NALP has recently published the 2006 Public Sector and Public Interest
Attorney Salary Report, a biennial report that provides salary information
for both entry-level and experienced attorneys at public sector and public
According to the NALP 2006 Public Sector and Public Interest Attorney
Salary Report, the median entry-level salary for an attorney at a civil
legal services organization is $36,000; an attorney with 11-15 years of
experience can expect a salary of $55,000. The median entry-level salary for
public defenders is about $43,000; with 11-15 years of experience, the median is
$65,000. The salary progression for state and local prosecuting attorneys is
similar, starting in the mid 40’s and progressing to $68,000 to $73,000 for
those with 11-15 years of experience. Finally, salaries for attorneys in public
interest organizations, such as those dealing with women’s or environmental
issues, start at $40,000 and rise to $65,000 with 11-15 years of experience.
This report serves as a companion piece to NALP’s annual Associate Salary
Survey. Together these two reports also provide a basis for comparing
private law firm and public sector/public interest salaries. The contrasts,
though hardly a surprise, are nonetheless stark. For example, according to the
NALP 2006 Associate Salary Survey, the median salary for a fifth-year associate
ranges from $90,000 to $169,000 depending on firm size. These figures are at
least double, and often more than double, what an attorney with similar
experience makes at a public sector organization according to the 2006
Public Sector and Public Interest Attorney Salary Report. The $135,000
starting salary found by the Associate Salary Survey to be typical at
big firms in big cities is beyond what even the most experienced attorneys can
reasonably expect at a public sector organization.
Median Salaries for Attorneys by Type of Organization and Years
| Years of
| Public Defenders
| Local Prosecuting
| 5 years
| 11-15 years
The 2006 Public Sector and Public Interest Attorney Salary Report
was based on a nationwide survey conducted by NALP among civil legal services
organizations; offices of public defenders, state attorneys general, and local
prosecuting attorneys; and public interest organizations. As a result of this
survey, completed by 430 organizations, NALP has been able to compile salary
information by years of experience. The study benchmarks salaries for each type
of organization for each of the first seven years, then in increments for
attorneys with 8-10 years of experience, 11-15 years of experience, and more
than 15 years of experience. It is also evident, based on a comparison of
findings with the first report in 2004, that salaries at these organizations
have increased only modestly, by a few thousand dollars at most, regardless of
organization type or experience.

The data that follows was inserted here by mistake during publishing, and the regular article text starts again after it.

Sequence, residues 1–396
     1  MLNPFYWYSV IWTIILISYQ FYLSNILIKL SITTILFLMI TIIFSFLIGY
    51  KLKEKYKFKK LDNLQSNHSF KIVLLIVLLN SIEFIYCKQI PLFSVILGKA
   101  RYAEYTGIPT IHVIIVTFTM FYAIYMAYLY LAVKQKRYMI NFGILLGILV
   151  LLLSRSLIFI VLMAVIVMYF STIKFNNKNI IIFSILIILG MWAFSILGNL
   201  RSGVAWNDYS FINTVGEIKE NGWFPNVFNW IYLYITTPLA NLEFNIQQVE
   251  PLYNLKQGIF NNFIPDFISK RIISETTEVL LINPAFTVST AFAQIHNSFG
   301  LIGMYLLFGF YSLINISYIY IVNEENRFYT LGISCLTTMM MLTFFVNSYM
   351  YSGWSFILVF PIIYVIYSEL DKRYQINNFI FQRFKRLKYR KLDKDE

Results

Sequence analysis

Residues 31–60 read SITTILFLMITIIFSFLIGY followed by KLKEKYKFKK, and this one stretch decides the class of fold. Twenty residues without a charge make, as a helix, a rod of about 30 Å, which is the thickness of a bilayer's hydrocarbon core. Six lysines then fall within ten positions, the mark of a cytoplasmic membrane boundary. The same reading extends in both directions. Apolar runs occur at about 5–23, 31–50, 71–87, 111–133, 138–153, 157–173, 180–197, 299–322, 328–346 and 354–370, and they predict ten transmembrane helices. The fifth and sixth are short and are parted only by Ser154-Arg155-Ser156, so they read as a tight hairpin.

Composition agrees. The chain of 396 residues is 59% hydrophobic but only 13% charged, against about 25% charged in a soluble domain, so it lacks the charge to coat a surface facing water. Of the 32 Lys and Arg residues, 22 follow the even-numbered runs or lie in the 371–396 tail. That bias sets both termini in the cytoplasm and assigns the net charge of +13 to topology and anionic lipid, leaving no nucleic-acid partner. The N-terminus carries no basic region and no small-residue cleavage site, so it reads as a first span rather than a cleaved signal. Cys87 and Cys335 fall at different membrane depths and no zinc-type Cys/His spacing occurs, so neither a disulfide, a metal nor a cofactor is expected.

A new feature of this year’s report is
information for five types of public interest organizations based on the kinds
of cases handled or issue areas advocated: civil rights; environmental law;
international human rights/immigration law; women’s rights/family law/domestic
violence/child advocacy; and health/ disability law. This categorization
allowed for salary comparisons among organizations performing the same type of
work. For example, the median entry-level salary at an environmental
organization is $33,000, compared with $40,000 at organizations involved in
health or women’s rights issues. The report also has a new section devoted
entirely to compensation for federal government attorneys.
In addition to
national salary figures, the report provides sub-national analyses based on
region of the country and population. For example, salaries at civil legal
services organizations are somewhat higher in the Northeast, with a median
entry-level salary of $38,500 — and increasing to about $58,000 for attorneys
with 11-15 years of experience. Among public defenders, salary scales are
somewhat higher in the West. Salaries in larger metropolitan areas are generally
higher, but not necessarily by large amounts, particularly at the entry-level.
For example, the median entry-level salary for a local prosecutor is about
$41,000 in rural areas and small cities, compared with $45,000 in metropolitan
areas with a population of 1 to 2 million, and $48,000 in metropolitan areas
with a population of more than 2 million.
The survey also gathered
information about benefits and workplace policies. Among the findings:
- Public interest and legal services organizations are most likely to pay the
full premium for health insurance for their employees — 76% and 68% of
respondents, respectively, reported doing so. Among local prosecuting attorney
and public defender offices, the figures were 43% and 40%, respectively.
Contrasts are similar with respect to dental insurance.
- Legal services organizations typically provide more vacation days,
with a median of 18 days for new employees, and 25 days after 10 years. At
public defender and prosecuting attorney offices, employees typically start at
11 to 13 days and can work up to about 20 days after 10 years.
Additional information about NALP research can be found on NALP’s website at
www.nalp.org. The full report, including salaries by region and population size,
and additional information on bonuses and benefits, is available from NALP for
$50, plus shipping and handling.